IBWM StaffComment

Kylian Mbappe

IBWM StaffComment
Kylian Mbappe

Forward | PSG | France


Do you really need one? Mbappe is not even yet 21 but has already transcended football and is now appearing on the front cover of Time magazine. He was already causing a buzz as a kid, invited to play in a Chelsea academy match at the age of 11 and courted by the Blues and by Real Madrid at 14. He made his Monaco debut at 16 and provided an assist against Tottenham a week later on his European competition debut. He scored his first pro goal at 17 and, two years above his age group, starred with five goals as France U19s won the European Championship.

In his first full season at Monaco Mbappe weighed in with 15 goals and 11 assists as ASM won the Ligue 1 title from PSG. He also scored six goals in six knock-out matches (the first player to score in his first four Champions League knock-out matches and the youngest player to score five Champions League goals) as Monaco reached the Champions League semi-final.

He became the second youngest France debutant in history before securing a move to PSG, making him the second most expensive player in history. His trophy cabinet already includes a World Cup, two Ligue 1 titles, one Coupe de France, one Coupe de la Ligue, one Trophée des Champions, one U19 European Championship, one Ligue 1 Young Player of the Year award, one Raymond Kopa Award and a Ballon d’Or third place.

Did we mention that Mbappe is not yet 21? He can pretty much do it all. He is Road-Runner-quick, but not in an aimless, Walcotty way: he is comfortable with both feet, has all the skills and uses them productively to beat his man, has an accurate, powerful shot, has great vision and an eye for a pass (close to 60 career assists already). He is also polite and eloquent (often teased for the archaic language he uses in post-match interviews) and seems to have a good family team around him to keep him grounded. He has the world at his feet. And he isn’t even 21 yet!

IBWM - Kylian Mbappé.jpg

2018 has been…

... monstrous. Arguably, by the ridiculous standards that he has already set for himself, the first six months or so were relatively disappointing. Five goals and no assists in the second half of the 2017/18 season suggested that he still wasn’t entirely comfortable playing in a slightly wider role than at Monaco, and he still tended to seem a little star-struck by Neymar, always looking for his fellow attacker rather than showing the confidence to take the ball on himself.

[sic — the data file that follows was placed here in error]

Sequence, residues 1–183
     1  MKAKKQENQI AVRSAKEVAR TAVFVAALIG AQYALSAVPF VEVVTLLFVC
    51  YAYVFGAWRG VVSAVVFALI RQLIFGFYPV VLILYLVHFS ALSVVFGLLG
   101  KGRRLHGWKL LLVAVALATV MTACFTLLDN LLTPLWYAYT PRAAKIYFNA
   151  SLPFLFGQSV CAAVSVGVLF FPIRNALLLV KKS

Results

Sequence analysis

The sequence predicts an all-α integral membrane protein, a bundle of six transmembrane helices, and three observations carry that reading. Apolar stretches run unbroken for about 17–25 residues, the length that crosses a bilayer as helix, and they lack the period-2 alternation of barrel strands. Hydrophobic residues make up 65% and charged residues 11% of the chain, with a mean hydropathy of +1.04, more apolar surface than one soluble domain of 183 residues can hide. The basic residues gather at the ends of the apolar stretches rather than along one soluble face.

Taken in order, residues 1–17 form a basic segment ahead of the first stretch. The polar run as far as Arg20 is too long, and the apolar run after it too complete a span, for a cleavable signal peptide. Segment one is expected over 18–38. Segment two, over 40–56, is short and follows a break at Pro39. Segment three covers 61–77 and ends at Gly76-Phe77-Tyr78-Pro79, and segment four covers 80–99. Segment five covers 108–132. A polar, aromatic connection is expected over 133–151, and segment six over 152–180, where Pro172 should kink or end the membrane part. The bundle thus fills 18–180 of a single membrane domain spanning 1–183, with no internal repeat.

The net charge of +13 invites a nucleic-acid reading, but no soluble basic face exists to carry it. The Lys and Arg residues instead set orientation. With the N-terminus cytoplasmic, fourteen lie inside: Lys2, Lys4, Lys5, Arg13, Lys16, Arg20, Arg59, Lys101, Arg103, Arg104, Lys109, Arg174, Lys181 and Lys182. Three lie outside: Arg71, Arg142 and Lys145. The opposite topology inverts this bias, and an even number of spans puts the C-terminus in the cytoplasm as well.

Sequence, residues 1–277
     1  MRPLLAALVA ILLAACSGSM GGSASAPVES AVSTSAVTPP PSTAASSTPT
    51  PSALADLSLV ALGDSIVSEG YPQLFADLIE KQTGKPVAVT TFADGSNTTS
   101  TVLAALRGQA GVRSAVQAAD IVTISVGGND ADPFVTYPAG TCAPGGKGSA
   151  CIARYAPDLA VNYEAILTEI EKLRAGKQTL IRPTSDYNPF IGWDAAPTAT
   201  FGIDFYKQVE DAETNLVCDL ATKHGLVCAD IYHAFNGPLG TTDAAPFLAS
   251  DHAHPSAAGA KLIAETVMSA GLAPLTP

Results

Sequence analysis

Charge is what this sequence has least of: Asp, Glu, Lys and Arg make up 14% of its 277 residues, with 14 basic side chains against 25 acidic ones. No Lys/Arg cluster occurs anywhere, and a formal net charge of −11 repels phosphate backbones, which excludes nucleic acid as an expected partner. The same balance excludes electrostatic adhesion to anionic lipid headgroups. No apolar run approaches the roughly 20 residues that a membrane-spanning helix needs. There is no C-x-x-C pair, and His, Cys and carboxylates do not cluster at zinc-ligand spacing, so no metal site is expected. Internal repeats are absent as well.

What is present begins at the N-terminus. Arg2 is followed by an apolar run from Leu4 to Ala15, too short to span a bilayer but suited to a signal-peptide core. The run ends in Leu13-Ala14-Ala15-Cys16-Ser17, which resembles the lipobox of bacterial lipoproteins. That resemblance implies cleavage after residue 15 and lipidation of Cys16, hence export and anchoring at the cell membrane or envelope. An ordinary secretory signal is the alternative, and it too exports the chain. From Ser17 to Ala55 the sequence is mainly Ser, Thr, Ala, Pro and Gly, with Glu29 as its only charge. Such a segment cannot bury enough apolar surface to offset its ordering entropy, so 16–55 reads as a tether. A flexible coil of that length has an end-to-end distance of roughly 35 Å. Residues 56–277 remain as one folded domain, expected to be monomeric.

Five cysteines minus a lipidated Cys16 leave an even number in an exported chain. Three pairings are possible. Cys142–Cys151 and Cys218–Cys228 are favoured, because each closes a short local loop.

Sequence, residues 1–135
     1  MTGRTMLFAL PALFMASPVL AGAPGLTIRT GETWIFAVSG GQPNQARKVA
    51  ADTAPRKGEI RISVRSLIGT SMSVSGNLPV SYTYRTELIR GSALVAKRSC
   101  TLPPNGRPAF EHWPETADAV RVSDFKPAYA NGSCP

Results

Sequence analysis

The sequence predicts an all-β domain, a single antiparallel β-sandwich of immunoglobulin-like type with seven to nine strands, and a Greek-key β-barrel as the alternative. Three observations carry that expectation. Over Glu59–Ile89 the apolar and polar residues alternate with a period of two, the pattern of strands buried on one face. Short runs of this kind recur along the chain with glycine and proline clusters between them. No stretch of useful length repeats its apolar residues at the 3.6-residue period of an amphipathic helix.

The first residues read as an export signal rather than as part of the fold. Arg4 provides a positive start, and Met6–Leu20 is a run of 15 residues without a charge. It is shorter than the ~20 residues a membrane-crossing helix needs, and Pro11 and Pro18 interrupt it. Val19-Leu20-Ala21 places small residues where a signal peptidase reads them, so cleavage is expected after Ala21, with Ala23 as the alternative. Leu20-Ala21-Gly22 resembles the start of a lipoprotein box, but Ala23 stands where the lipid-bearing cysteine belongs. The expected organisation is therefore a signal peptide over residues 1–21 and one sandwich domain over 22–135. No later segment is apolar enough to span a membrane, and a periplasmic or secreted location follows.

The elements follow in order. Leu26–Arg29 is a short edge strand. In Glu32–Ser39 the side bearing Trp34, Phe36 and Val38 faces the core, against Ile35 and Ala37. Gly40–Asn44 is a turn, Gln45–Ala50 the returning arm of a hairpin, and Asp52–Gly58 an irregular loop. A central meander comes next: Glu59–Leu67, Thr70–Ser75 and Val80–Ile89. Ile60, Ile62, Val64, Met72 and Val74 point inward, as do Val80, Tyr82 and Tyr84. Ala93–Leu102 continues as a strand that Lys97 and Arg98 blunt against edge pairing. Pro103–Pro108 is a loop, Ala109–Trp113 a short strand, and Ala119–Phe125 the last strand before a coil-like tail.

Then the World Cup happened. The Group Stage goal nicked off Giroud against Peru settled nerves, before a frightening second round performance against Argentina, symbolically knocking out Messi, ensured that anyone who hadn’t already heard of Mbappe now had. His pitch-length sprint to win Les Bleus’ penalty, followed by two goals of his own, the first created for himself with a blink-and-you-miss-it control and turn, changed his stature on the world stage.

Another virtuoso performance in the semi-final, one pirouetted through-ball to Giroud the highlight, followed by a goal in the final to make him the youngest World Cup final scorer since Pele, ensured that he could now be mentioned in the same breath as Neymar, Messi and Cristiano.

And off the back of the World Cup, his 2018/19 season so far has seen a huge improvement. His 12 goals and six assists in Ligue 1 put him at least level with Neymar in the superstar stakes, and his three goals and four assists helped PSG top a very tough Champions League group. He also ended 2018 as Les Bleus’ top scorer, with nine goals.

He could do more to help out in defence when played on the right; he still tends to ignore Cavani in favour of Neymar; and play-acting is creeping a little too much into his game. But other than that it’s very hard to find any fault.

 What’s Next?

Mbappe turned 20 this week and will be rid of all the “first teenager [since Pele] to…” headlines which, by all accounts, annoy him. But if he continues on his trajectory, the records could keep tumbling. At 20 he has already achieved more than most footballers achieve in a career and, as clichéd as it sounds, the sky is the limit.

As long as he keeps up the learning curve and the workrate and doesn’t fall into complacency, he could improve on this year’s third place to become a multiple Ballon d’Or winner and, with the right players around him, a serial trophy winner for club and maybe also country. An intelligent boy with his head on his shoulders (albeit with a growing tendency for showbiz dives and flounces), his off-pitch marketability is huge too. He should be replacing Messi and Ronaldo as the next megastar.

A  -  He’s in his own league, and he’s not even 21 yet!